Hello Kitty Database of 3.3 Million Breached Credentials Surfaces

A database of 3.3 million Hello Kitty users tied to a 2015 breach surfaced over the weekend exposing thousands of minors to potential credential theft.

A cache of data including 3.3 million user credentials belonging to Hello Kitty parent company Sanrio surfaced over the weekend.

The breach was originally reported in December 2015, but at the time Sanrio denied any data was stolen as part of the breach. The breach was tied to a misconfigured MongoDB installation that was discovered by security researcher Chris Vickery.

On Sunday a website that specializes in harvesting leaked credentials called LeakedSource, said the Sanrio database of 3,345,168 million users has surfaced. The disclosure was part of the website’s January 2017 update. According to original reports of the 2015 breach, 186,261 of the records belonged to Sanrio users under the age of 18.

On Monday, Vickery told Threatpost that Sanrio claimed that in 2015 that he was the only person to have accessed the database as part of his research. He said that Sanrio, at the time, said there were no additional intruders that may have swiped data from its database.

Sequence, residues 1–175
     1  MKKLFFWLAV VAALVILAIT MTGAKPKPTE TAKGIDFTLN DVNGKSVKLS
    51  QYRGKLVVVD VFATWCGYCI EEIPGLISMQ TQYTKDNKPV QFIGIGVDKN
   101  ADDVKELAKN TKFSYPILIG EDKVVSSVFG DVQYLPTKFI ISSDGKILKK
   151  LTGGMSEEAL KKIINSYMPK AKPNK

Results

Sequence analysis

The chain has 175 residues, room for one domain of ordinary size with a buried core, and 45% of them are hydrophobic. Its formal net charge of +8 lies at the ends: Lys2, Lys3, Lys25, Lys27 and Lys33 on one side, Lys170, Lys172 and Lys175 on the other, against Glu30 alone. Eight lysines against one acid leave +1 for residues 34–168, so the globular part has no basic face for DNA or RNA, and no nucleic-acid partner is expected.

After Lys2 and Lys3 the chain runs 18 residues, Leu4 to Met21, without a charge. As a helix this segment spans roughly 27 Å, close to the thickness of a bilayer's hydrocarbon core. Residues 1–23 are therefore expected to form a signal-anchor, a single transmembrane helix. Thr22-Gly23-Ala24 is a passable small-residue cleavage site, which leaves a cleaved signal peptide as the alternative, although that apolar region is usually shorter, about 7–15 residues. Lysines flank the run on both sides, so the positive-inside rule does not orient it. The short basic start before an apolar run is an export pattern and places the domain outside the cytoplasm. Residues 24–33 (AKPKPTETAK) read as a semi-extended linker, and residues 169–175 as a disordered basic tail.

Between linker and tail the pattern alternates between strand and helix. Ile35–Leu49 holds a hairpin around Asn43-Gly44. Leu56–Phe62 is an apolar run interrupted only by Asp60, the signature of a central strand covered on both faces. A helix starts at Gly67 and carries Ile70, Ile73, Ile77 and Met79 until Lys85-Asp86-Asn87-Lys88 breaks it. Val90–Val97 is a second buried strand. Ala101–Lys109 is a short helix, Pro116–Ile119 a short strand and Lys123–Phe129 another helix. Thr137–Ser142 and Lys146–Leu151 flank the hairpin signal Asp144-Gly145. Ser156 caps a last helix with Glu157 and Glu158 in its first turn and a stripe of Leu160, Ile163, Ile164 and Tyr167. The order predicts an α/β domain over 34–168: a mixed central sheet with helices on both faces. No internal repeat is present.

The data available via LeakedSource is reportedly¬†identical to what Vickery found and includes first and last name of users, encoded birthday data, gender, country of origin, email addresses, user name, unsalted SHA-1 hash passwords, password hint questions and answers. Oddly, added to the data Sanrio data is an “incomeRange” field with values ranging from 0 to 150.

Neither Sanrio nor LeakedSource returned a request to comment for this story.

At the time, Vickery said, the Sanrio database included user credentials for 3.3 million users of various Sanrio online services. Vickery said the database was stored using a MongoDB configuration that required no credentials for access.

Owners of misconfigured MongoDB have recently been hit hard with a rash of breaches where criminals delete databases and demand a ransom in return for data. Over the last two weeks the number of incidents of MongoDB hijacked for ransom jumped from 200 in December to 2,000 early last week. According to the latest reported by Cisco System’s Continuum blog, the number of hijacked databases reached 27,000 on Monday.

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